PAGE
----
Scandinavian Folklore – Myling
A myling is the spirit of a small child, or infant forced to walk the earth until they could persuade someone to help put their soul to rest. A child would only become a myling if they were killed by their mother and their remains hidden away. In the old days this was a fairly common way for an unmarried or poverty-stricken woman to get rid of an unwanted child.
The stories tell of the mothers horrible deed being revealed when the myling sings a song about their fate. Mylingar were believed to exist in places were a young mother were most likely to hide away a dead infant, such as mires, outhouses, cairns and forest valleys. From these you could sometimes hear a child crying.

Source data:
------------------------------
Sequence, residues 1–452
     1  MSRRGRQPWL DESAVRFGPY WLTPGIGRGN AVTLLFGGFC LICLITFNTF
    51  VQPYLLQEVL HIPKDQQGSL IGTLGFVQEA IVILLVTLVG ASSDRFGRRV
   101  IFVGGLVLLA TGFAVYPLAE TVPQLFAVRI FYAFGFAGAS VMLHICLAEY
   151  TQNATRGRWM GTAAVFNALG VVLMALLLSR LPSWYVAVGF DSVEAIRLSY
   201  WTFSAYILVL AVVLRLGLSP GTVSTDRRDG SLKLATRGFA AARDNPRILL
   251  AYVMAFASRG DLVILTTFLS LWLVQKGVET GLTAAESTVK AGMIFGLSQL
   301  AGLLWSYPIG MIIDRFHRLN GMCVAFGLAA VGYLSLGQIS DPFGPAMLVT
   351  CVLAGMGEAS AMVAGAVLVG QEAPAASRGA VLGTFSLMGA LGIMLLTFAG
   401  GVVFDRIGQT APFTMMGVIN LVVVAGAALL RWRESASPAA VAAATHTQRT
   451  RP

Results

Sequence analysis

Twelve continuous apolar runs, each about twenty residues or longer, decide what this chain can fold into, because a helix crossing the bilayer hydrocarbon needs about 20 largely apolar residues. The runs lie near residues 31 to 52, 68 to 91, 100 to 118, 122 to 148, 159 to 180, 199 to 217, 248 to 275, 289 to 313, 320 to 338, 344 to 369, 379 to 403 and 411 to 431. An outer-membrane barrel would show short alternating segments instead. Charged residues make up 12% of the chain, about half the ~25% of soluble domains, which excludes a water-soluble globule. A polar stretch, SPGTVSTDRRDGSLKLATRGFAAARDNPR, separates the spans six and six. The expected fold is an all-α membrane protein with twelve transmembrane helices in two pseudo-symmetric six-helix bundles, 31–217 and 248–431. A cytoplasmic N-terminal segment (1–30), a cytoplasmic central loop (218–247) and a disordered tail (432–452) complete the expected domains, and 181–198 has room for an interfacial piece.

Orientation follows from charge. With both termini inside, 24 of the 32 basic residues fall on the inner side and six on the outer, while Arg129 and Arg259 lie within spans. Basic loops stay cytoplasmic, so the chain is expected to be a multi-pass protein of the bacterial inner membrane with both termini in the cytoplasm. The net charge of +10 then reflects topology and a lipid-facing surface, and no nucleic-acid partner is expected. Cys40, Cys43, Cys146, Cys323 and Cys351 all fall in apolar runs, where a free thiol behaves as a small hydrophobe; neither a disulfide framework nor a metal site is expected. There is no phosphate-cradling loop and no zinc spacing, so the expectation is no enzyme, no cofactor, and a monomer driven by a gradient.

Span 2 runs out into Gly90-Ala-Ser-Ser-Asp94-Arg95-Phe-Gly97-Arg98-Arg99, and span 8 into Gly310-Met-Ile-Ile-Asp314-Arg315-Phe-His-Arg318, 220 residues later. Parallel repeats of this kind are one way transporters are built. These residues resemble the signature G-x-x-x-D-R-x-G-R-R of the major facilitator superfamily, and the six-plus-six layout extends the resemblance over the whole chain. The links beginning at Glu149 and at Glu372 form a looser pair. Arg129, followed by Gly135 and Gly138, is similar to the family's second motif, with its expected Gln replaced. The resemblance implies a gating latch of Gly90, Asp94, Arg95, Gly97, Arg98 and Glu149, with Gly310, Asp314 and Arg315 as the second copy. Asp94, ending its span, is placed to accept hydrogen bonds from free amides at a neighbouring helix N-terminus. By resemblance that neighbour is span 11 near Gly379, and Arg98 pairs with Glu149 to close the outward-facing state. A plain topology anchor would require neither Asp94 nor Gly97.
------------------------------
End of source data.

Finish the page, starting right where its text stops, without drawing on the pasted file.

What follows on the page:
Sometimes the unnamed, unwanted child would call for help; ‘’Give me a name!’’ they would scream. You would then have the opportunity to save them by answering;
‘’You can take mine! My name is XXXX’’
You could also help their soul find rest by finding their corpse and giving the child a proper burial.
The name myling derives from myrding, the old norse myrða, which literally means ‘’to murder’’.